The National Institute for Communicable Diseases (NICD) remains confident that despite the various mutations of the coronavirus, vaccines currently being administered will mitigate against death and hospitalisation.
Last night, the NICD announced the emergence of a new variant, C.1.2, which has relatively low frequency across the country, at just 3%.
Scientists say they are conducting a study on its transmissibility.
The variant was first detected in South Africa in May.
Prof. Adrian Puren on the C.1.2 COVID-19 variant discovered in SA:
The NICD’s Professor Penny Moore says several labs in the country are assessing the efficacy of vaccines against C.1.2.
“What that entails is taking blood from people who have been vaccinated and also from people who have been infected with COVID-19. We grow the virus C.1.2 in a lab and we actually test the antibodies from those people against the virus to access that. Protection from severe disease is mediated by a separate arm of the immune system, T- cells.”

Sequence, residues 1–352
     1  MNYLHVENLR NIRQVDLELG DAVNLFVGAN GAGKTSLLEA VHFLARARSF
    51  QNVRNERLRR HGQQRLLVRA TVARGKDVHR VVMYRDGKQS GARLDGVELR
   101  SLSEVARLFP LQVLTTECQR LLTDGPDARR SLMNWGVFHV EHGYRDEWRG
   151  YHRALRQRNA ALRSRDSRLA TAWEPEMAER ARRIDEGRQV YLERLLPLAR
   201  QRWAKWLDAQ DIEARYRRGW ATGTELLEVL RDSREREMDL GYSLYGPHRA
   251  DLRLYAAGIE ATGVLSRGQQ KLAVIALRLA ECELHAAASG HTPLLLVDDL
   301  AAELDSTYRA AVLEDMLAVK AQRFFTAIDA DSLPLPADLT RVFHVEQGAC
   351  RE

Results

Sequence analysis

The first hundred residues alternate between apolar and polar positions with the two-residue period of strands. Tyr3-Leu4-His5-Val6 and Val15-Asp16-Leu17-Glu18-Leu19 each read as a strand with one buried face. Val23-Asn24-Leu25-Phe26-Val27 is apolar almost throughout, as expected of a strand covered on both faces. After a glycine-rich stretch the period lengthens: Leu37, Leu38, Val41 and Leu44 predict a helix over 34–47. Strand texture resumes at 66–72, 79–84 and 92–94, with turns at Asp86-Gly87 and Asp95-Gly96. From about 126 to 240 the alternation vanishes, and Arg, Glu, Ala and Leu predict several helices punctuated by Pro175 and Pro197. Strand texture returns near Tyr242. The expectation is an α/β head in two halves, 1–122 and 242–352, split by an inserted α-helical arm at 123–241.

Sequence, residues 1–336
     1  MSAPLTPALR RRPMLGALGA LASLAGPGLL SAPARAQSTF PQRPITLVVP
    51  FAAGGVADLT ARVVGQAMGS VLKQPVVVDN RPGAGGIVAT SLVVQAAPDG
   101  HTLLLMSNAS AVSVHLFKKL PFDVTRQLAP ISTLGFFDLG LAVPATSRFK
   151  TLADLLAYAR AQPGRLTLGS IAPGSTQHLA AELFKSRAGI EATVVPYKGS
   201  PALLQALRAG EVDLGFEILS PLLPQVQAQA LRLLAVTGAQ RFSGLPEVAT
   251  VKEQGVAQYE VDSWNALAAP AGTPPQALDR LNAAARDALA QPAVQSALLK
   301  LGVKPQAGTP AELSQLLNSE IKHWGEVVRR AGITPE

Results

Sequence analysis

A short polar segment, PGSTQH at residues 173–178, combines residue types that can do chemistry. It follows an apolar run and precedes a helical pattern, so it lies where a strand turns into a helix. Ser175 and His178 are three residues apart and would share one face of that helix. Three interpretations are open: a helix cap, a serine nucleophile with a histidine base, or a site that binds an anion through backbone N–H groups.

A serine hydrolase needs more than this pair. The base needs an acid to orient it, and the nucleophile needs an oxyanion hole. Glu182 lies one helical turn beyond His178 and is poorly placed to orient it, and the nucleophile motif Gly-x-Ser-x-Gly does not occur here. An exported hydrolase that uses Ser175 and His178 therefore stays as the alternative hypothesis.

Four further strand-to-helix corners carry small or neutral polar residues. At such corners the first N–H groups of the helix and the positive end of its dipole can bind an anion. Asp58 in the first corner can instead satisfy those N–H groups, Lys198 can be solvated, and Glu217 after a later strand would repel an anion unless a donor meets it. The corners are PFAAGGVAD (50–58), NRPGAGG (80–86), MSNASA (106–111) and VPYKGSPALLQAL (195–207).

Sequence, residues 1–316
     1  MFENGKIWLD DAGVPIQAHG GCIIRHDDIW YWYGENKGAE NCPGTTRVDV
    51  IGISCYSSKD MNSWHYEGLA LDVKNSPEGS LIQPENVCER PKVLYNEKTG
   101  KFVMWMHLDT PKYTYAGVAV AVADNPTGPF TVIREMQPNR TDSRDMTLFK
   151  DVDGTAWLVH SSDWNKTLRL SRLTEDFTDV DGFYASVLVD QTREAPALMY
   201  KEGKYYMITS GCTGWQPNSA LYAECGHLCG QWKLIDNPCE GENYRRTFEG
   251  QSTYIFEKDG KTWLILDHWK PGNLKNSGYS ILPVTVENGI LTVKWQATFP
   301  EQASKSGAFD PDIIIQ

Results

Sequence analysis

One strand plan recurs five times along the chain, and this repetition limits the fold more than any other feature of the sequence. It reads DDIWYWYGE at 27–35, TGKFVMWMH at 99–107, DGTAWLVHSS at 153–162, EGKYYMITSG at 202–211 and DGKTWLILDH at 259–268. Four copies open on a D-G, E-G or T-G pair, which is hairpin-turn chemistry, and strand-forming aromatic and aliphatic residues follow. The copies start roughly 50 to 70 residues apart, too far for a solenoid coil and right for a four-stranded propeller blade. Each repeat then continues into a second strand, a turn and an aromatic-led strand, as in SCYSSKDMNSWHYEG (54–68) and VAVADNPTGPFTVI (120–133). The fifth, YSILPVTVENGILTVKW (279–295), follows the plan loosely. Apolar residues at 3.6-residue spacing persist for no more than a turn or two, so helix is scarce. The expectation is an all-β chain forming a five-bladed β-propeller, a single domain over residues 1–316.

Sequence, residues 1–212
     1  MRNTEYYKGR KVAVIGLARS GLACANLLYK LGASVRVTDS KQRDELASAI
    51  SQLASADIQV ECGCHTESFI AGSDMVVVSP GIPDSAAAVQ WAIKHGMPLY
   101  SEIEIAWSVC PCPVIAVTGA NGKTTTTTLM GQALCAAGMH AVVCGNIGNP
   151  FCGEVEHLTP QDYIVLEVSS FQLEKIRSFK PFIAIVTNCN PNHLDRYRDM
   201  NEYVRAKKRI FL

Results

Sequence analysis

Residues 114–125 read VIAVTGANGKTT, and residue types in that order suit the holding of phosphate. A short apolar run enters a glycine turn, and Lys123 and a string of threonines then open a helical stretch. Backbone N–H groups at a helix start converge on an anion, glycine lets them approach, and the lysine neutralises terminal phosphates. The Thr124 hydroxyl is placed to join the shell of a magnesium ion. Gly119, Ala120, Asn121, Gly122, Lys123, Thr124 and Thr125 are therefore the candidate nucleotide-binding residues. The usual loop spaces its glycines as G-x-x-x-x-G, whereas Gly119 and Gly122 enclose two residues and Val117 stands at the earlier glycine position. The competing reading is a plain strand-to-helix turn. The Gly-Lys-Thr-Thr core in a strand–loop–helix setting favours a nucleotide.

“T-cells are much more tolerant of mutations. T-cells maintain almost all their activity against the variants that we have so far. This is the reason that despite the various mutations in this variant, the vaccines that we have will still protect against severe disease,” adds Professor Moore.
Discussing new mutation of the COVID-19 virus circulating in SA: